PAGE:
America's biggest hospitals vs. their patients
More than a quarter of the 100 U.S. hospitals with the highest revenue sued patients over unpaid medical bills between 2018 and mid-2020, according to new research by Johns Hopkins University provided exclusively to Axios.
Why it matters: The report suggests that, rather than being an anomaly, patient lawsuits are relatively common across the country and among the largest providers.
- “Most hospitals do not engage in this form of predatory billing. But for the ones that are, it threatens the great public trust in the medical profession,” said Marty Makary, a lead researcher of the project.
The big picture: As patients have become increasingly responsible for higher deductibles and other out-of-pocket costs, some hospitals have responded to unpaid bills by taking patients to court.
- Meanwhile, the cost of hospital care has continued to rise, and is often many times the rate Medicare pays for the same services.
- Hospitals continued these “predatory billing practices” even amid the pandemic last year, per the JHU researchers, although there were fewer court actions than in the previous two years.
- It’s unclear how much of the decrease was because of the pandemic and how much was attributable to lasting changes in billing practices.
Details: The study found that 26 of the hospitals filed nearly 39,000 court actions against patients. This is likely an undercount, as some court records were inaccessible.
- These court actions took the form of lawsuits, wage garnishments and personal property liens. Wage garnishments are court orders allowing hospitals to take part of a defendant’s paycheck, and a personal property lien is a legal claim that allows the holder to obtain access to an asset if a debt isn’t paid.
- Even hospitals that didn’t sue their patients often had charges that were several times the cost of care.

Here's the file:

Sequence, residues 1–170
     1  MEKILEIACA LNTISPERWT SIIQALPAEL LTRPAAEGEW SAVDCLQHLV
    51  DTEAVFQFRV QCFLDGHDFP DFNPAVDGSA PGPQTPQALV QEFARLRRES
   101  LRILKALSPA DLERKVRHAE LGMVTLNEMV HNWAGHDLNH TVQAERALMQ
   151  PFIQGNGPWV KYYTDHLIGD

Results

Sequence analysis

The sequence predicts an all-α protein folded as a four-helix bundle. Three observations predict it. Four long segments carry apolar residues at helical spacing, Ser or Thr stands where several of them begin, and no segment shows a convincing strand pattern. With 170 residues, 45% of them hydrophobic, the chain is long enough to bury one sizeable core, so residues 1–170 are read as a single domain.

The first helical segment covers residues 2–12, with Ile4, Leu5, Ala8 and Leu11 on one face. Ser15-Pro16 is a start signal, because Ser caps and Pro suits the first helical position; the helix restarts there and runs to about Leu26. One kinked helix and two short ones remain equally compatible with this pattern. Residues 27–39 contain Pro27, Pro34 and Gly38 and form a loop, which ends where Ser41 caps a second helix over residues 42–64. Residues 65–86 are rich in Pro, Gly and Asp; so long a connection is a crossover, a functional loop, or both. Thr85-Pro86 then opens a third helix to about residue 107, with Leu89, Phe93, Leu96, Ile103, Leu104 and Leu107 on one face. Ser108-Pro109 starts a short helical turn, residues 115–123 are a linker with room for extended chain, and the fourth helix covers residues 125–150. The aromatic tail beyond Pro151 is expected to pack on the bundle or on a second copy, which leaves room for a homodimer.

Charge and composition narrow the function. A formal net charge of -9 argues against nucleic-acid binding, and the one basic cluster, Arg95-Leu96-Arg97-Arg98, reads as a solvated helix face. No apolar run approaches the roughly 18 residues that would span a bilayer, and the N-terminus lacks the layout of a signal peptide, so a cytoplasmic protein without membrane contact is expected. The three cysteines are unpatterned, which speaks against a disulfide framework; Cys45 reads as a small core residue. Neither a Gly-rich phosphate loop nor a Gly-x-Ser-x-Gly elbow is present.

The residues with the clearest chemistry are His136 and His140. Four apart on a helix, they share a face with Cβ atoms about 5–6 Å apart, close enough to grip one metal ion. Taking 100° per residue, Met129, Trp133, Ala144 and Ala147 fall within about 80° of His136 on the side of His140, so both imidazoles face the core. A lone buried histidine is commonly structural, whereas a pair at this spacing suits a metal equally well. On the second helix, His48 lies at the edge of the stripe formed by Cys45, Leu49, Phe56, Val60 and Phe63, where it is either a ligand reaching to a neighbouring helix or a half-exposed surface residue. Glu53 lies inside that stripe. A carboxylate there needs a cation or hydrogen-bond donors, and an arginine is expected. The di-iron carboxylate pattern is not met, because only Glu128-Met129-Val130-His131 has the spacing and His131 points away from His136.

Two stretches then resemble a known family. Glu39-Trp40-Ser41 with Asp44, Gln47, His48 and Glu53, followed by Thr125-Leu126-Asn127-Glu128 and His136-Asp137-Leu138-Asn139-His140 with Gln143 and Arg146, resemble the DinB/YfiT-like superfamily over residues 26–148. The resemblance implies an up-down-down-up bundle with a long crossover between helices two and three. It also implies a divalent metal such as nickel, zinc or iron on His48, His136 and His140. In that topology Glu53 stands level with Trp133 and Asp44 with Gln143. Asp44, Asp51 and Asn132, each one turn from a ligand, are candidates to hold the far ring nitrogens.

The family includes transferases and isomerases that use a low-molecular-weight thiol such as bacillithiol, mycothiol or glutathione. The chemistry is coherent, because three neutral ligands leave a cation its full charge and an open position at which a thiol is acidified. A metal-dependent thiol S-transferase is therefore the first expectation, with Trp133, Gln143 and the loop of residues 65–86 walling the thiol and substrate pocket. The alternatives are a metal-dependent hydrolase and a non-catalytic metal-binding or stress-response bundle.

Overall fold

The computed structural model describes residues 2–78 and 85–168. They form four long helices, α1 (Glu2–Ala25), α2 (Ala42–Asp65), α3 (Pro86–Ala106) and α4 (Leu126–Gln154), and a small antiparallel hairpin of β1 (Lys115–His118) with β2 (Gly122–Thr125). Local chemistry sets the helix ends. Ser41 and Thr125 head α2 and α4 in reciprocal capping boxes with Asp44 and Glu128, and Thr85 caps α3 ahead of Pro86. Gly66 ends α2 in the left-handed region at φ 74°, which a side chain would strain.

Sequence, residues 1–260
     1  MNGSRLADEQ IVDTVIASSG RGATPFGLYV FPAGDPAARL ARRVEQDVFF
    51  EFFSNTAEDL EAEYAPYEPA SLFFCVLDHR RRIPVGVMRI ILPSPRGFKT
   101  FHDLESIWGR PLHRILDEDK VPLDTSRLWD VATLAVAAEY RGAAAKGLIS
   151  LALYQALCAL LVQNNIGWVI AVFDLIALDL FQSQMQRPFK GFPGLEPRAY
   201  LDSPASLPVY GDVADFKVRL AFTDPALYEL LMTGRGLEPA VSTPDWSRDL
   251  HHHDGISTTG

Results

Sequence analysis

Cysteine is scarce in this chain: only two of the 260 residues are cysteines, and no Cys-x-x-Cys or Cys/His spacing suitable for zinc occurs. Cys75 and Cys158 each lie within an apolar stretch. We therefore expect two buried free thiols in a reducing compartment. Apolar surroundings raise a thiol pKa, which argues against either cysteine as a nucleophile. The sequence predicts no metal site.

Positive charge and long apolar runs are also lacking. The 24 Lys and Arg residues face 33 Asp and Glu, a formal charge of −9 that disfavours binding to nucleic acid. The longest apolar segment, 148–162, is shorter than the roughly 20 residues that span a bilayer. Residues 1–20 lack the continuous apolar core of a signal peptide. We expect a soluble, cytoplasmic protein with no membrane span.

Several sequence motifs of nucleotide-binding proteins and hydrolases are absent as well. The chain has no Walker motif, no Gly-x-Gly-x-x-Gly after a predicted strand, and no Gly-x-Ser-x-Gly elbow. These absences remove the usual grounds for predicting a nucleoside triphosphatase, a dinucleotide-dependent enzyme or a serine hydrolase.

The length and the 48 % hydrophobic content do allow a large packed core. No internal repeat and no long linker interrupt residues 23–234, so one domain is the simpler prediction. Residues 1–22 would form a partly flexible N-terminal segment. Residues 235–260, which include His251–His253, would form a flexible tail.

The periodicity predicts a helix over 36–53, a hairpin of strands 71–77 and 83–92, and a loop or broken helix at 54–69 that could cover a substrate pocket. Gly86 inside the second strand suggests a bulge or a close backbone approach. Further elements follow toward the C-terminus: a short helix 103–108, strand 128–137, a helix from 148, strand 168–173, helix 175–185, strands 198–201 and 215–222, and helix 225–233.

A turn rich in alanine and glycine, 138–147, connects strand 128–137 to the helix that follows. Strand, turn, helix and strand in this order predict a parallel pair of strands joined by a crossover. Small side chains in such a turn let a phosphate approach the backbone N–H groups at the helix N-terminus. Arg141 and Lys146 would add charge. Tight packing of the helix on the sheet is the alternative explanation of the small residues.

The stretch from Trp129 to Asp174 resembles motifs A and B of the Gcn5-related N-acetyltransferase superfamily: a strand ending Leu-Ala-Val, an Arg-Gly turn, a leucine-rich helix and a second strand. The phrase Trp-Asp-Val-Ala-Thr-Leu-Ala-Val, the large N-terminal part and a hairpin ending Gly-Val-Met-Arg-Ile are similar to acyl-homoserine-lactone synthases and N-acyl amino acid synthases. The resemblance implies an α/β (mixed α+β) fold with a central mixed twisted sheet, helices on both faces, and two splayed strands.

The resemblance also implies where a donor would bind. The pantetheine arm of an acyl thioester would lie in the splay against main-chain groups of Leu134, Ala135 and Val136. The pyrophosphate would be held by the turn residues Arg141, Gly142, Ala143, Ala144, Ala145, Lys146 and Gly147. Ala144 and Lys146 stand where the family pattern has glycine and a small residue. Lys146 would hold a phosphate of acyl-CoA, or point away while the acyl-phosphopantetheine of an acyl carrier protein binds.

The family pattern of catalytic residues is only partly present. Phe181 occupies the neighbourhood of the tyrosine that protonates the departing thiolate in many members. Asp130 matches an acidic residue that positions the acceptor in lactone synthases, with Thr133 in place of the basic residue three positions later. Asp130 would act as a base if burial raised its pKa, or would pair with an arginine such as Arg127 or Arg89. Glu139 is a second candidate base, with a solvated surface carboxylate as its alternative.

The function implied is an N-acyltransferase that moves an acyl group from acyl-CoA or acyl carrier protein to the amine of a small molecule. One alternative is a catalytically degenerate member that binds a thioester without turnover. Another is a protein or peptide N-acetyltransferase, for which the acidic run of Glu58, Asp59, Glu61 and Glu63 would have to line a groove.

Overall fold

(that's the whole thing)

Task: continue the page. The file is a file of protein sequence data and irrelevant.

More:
By the numbers: 16 hospitals provided complete data on the amount they sued patients for — $71.8 million altogether. Three hospitals — Westchester Medical Center, VCU Medical Center and Froedtert Hospital — accounted for more than three-quarters of the total amount sought.
- Among hospitals for which the amounts sought were available, patients were sued for $1,842 on average.
- The number of court actions decreased over time, with hospitals filing nearly 21,000 in 2018, 16,510 in 2019 and only 1,661 in 2020, although the report only analyzed court records until the end of July.
Between the lines: Nearly two-thirds of the hospitals that sued patients are nonprofits. Eight are government-owned, and only one is for-profit.
- Nonprofits also comprise around two-thirds of the top 100 hospitals, meaning they aren’t disproportionately likely to sue. But their nonprofit status makes them tax-exempt, in exchange for the provision of free or highly discounted care for patients who couldn’t afford it.
- When nonprofits sue patients who can't afford to pay, “if it’s not a violation of the letter of the...law, it’s certainly a violation of the spirit of it," Makary said.
The other side: The American Hospital Association called collection actions “a last resort."
- “Our doors are always open, regardless of a patient’s ability to pay. In total, hospitals of all types have provided more than $702.51 billion in uncompensated care to patients since 2000 for which no payment was received for patients in need,” said an AHA spokesperson in a statement.
- “The reality, however, is that the health care system must be adequately financed to ensure that hospitals and health systems are able to stay open and be there for their communities in times of need.”
The bottom line: Even some of the hospitals with the highest revenues in the country will take patients to court over bills that are, on average, less than $2,000.